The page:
Development and supply models in the Internet of Things


The Internet of Things (IOT), as discussed over the past couple of weeks, is the network of devices which are connected to the internet and which collect data to share and communicate with both other internet-capable devices, and device users. 

The interactions between companies which manufacture various devices, developers who create software to be used in those devices, and companies which analyse and store data from those devices will be increasingly complex. Where there is an interaction there should be an agreement, to allow for each party to understand what they own and what they provide.


Closed development model

Using the example of a refrigerator, a manufacturer – Acme Appliances – may decide that they want to develop software to use in that fridge in a closed model. In that case, Acme hires their own software developers, supplies them with what they need to create the software, and completely owns the output – the software which is developed for them. This has the benefit not only of maintaining intellectual property rights, but also provides a competitive advantage, as none of their rivals will have access to this software. It also means that whatever data Acme’s refrigerators collect will belong to them or their customers. However, a closed development model is expensive, and because the IOT is all about data collection, use and communication, will likely result in software which is incompatible with other devices, significantly limiting the usefulness.


Licensed supply model

In this development model, Acme Appliances can do a couple of things. Acme could contract a software company to develop the software – and the software company could retain ownership of the intellectual property in the software and license Acme to use it. Or if the software is already developed, Acme could buy the license to use the software. This should be significantly less expensive for Acme and more advantageous to the software developer – they can license the software to more than one manufacturer, and defray costs of updates and maintenance amongst all the licensees.

That’s not so great for Acme, if they want to maintain a competitive advantage. So they could go into an exclusive license agreement with the software developer, preventing the software being licensed to their direct competitors – whether that’s in a geographic location, or specifically other fridge manufacturers.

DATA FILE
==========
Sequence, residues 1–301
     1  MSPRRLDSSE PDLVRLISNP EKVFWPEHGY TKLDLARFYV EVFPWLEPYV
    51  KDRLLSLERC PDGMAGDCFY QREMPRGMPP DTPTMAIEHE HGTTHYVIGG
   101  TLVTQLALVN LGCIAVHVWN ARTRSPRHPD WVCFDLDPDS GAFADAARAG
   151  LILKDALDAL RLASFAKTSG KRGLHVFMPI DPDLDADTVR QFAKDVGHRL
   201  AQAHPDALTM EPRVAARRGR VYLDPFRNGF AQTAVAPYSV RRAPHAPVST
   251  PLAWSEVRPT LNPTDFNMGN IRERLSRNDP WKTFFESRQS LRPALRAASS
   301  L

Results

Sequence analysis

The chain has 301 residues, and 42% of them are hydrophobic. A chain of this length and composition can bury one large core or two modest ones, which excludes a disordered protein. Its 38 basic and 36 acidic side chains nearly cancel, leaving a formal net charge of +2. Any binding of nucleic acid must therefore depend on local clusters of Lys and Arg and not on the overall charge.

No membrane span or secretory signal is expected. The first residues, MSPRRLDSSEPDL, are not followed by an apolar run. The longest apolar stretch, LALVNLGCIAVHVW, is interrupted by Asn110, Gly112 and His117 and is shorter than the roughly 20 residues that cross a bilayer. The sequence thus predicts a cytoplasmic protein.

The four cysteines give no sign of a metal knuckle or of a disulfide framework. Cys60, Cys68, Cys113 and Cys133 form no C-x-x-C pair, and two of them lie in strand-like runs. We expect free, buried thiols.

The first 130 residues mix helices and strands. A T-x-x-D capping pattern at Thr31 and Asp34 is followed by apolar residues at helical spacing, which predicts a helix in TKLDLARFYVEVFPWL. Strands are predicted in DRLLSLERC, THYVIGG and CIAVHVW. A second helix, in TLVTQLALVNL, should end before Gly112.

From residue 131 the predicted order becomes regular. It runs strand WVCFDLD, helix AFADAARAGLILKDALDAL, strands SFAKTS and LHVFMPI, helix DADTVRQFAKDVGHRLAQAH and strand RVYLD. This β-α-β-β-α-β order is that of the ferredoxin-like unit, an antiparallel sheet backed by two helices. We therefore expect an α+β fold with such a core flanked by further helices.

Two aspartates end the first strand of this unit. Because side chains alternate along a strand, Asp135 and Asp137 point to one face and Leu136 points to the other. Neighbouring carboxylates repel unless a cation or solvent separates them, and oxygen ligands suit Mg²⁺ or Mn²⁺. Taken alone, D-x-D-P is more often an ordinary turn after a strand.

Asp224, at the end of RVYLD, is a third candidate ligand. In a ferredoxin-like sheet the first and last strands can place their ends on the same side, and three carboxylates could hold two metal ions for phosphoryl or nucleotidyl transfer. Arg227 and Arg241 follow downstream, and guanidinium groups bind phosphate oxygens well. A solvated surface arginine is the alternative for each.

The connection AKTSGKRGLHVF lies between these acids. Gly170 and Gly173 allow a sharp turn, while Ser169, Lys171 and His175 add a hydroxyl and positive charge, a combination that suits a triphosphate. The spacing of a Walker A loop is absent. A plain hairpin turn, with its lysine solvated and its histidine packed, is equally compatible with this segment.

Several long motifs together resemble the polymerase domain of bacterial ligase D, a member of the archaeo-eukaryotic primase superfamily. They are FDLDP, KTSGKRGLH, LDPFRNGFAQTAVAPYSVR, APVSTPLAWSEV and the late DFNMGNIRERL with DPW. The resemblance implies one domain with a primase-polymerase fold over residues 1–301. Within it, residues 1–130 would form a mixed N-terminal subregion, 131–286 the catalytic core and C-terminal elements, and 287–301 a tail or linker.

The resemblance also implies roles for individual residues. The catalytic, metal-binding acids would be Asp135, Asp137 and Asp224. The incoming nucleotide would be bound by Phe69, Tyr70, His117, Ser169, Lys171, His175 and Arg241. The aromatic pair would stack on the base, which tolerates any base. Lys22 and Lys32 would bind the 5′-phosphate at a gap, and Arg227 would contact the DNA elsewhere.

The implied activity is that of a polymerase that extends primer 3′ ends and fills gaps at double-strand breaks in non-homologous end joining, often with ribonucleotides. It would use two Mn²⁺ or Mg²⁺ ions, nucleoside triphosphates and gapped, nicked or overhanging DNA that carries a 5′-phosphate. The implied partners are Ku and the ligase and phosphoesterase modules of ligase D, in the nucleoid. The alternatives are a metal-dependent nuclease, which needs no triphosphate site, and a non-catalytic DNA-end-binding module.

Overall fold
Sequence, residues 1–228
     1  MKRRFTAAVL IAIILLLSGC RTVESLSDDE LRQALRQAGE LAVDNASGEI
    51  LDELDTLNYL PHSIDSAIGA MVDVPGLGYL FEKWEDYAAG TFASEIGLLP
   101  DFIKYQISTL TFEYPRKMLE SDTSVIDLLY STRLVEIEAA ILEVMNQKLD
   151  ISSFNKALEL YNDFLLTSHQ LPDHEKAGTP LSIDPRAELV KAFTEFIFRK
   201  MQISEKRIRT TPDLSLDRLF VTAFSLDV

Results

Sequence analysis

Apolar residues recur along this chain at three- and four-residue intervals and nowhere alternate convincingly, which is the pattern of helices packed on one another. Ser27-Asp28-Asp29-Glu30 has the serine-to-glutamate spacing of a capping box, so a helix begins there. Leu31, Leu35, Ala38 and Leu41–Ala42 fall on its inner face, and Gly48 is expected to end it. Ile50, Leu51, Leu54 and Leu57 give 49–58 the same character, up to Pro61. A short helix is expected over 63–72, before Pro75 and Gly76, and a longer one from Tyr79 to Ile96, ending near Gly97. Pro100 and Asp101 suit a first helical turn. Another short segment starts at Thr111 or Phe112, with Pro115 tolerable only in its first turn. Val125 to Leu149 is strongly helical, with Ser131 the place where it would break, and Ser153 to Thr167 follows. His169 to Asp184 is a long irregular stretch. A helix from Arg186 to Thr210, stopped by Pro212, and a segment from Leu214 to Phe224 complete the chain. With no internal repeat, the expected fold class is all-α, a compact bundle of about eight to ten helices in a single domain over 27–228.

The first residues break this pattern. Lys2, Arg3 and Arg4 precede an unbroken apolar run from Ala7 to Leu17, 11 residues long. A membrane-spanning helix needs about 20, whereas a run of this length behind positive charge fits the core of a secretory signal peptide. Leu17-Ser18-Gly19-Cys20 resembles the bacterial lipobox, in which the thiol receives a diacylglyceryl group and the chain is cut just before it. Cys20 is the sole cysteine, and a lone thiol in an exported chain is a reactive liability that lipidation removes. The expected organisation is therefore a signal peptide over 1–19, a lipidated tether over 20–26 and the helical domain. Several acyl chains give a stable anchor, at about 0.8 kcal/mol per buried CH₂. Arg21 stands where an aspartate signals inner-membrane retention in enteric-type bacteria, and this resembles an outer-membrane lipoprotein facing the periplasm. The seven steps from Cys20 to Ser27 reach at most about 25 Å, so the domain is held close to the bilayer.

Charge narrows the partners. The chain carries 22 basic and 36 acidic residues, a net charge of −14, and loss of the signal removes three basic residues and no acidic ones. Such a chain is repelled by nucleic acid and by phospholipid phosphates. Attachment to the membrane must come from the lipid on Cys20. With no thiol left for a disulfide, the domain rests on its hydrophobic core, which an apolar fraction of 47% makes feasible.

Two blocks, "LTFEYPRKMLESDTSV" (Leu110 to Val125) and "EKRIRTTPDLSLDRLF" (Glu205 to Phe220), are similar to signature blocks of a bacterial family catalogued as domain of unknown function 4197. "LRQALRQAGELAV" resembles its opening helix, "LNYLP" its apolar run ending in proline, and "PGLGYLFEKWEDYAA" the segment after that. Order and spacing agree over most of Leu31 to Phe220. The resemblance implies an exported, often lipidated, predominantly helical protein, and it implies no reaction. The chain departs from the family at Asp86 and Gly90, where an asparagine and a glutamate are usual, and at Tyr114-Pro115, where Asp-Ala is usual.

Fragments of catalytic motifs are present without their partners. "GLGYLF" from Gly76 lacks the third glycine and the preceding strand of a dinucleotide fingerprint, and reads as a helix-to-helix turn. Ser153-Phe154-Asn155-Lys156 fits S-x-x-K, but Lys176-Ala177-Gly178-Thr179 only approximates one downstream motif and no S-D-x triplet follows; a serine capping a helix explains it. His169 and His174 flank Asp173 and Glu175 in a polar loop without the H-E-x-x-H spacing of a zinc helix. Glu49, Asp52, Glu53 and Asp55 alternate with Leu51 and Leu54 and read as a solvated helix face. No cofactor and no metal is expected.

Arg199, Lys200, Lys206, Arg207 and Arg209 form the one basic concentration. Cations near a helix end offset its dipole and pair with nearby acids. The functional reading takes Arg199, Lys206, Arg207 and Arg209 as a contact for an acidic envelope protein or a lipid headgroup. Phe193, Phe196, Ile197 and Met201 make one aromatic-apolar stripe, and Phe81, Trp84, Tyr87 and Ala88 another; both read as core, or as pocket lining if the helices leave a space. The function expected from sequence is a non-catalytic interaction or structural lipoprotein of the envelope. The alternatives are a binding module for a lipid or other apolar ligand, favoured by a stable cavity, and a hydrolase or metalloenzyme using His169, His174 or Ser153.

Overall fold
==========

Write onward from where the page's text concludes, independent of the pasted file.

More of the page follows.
Acme and the software developer would also have to negotiate on what happens to the data collected and processed by the software and what will be agreed with the consumer (without limiting the consumer's legal rights). Should the developer have any entitlement to use of the data, in full or anonymized form?


Open development model

Acme could also treat their refrigerator like a smartphone. Rather than paying to develop software, or paying for the license to use software, Acme could invite developers to develop their own software to be installed in the fridge at the consumer's election. Various revenue models could apply for the developers including the consumer paying for use of the software. Other alternatives could include the developers paying Acme to include their software in the fridge and making their money by either targeting users with advertising, getting users to pay a subscription to use some or all of the functions of the software, or by collecting and selling the anonymized data which the software gathers – or a mixture of all three.

For Acme, this model allows them to make the most money with the least investment, but could cost them in sales if buyers don’t want to have to pay to use software which is available free in another fridge, or don’t want their data used by a third party (even in anonymized form).


This is, of course, a very basic overview. Devices connected to the IOT will have many pieces of software involved in their development and functioning, so all three of these models could be used in the same device. This is where agreements become both very complex and very important. Each party needs to know how their software works within the device and how it is expected to interact with other software from other developers. Wherever there is an interaction, there should be an agreement – even when the relationship is through a third party.

 As the IOT grows, and more everyday devices are connected, the nature of these agreements will be more important and will affect people’s everyday lives more extensively.

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